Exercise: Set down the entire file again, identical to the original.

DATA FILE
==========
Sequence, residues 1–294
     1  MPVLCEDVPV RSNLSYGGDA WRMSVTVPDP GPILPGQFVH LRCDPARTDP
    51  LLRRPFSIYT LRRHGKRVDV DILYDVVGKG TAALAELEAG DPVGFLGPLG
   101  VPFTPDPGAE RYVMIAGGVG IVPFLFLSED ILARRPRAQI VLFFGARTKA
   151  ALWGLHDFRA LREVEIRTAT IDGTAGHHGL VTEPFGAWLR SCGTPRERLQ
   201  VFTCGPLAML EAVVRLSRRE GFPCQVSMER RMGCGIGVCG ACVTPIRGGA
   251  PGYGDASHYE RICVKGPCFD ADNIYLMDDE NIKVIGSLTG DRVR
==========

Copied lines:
Sequence, residues 1–294
     1  MPVLCEDVPV RSNLSYGGDA WRMSVTVPDP GPILPGQFVH LRCDPARTDP
    51  LLRRPFSIYT LRRHGKRVDV DILYDVVGKG TAALAELEAG DPVGFLGPLG
   101  VPFTPDPGAE RYVMIAGGVG IVPFLFLSED ILARRPRAQI VLFFGARTKA
   151  ALWGLHDFRA LREVEIRTAT IDGTAGHHGL VTEPFGAWLR SCGTPRERLQ
   201  VFTCGPLAML EAVVRLSRRE GFPCQVSMER RMGCGIGVCG ACVTPIRGGA
   251  PGYGDASHYE RICVKGPCFD ADNIYLMDDE NIKVIGSLTG DRVR